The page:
Everyone have a right to choose or have an opinion regarding his/her fate concerning the ultimate decision of death. This is not only based on the religious notion of the sacredness of life but also on the principles and ethics of healthcare such as patient autonomy, which is chiefly founded on the belief of both free will and individual importance whereby factors such as economics and politics are subservient to an individual’s need to receive the best treatment. Thus, autonomy is defined as the ability of a patient to make his or her decisions without the influence of a healthcare provider. (Keown, 2012) believes that assisted suicide or euthanasia, as it is better known, would help weaken or erase society’s respect for the value of human life as it would become the norm for a society that is humanistic and materialistic, leading many people to opt for this rather than seek more money and time consuming methods of treatment.
Secondly, as (Moreno, 1995) notes in one of his arguments against the practice of euthanasia and the surrounding controversies over mercy killing; it would lead to worse care for people that are terminally ill with life threatening diseases such as cancer as they would be purposefully abandoned by their caregivers who would try to coerce them or their families to consider this option in cases where they have a bleak chance at a full recovery or worse a shortened lifespan. Finally, there are many proper forms of palliative care that reduce people’s pain such as physiotherapy, which could help in reducing the stress levels in persons in severe pain. Nobody has the right to play God over the lives of other people as this would set a precedent that would be hard to reverse once the ball is set rolling for future generations to emulate on a socio-political scale.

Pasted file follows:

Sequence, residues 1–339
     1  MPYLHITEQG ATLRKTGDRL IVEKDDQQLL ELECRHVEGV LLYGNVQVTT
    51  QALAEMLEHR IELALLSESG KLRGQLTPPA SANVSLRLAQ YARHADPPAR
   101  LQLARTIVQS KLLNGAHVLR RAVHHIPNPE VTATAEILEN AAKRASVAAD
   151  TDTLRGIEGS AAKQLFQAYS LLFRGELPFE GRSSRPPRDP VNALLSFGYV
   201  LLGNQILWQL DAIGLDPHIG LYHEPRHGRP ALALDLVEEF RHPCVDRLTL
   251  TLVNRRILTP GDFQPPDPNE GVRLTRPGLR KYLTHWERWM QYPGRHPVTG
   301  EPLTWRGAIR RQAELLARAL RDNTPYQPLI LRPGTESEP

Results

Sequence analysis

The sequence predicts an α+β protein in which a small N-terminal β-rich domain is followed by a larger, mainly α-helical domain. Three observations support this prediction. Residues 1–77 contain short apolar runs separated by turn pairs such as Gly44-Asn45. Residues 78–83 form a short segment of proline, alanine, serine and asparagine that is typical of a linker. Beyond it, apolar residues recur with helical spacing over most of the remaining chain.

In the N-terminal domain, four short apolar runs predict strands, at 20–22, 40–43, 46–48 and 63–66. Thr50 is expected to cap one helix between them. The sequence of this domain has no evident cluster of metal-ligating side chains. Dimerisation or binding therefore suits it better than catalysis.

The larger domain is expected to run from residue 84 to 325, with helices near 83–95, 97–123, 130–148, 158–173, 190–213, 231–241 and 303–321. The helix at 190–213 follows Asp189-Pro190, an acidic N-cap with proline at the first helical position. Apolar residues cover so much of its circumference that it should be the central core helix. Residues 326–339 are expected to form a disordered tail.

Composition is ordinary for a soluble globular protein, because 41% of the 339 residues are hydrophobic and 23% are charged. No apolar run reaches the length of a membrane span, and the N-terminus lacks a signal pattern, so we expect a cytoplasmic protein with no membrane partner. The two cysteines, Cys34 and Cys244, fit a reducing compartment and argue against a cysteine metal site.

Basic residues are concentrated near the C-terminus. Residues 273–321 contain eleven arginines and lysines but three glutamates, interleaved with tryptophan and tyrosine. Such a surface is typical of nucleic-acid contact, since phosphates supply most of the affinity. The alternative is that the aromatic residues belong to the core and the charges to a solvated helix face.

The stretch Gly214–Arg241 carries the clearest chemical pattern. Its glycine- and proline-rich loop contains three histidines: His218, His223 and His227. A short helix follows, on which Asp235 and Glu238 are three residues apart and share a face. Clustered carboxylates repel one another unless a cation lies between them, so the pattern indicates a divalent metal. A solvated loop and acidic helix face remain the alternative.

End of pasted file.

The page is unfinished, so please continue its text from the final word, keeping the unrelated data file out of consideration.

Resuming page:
John, Keown. Euthanasia, ethics and public policy: An agreement against legalization. Cambridge University Press, 2002.
Jonathan, Moreno. Arguing euthanasia: The controversy over mercy killing, assisted suicide and the right to die. Simon and Schuster Publication, 1995.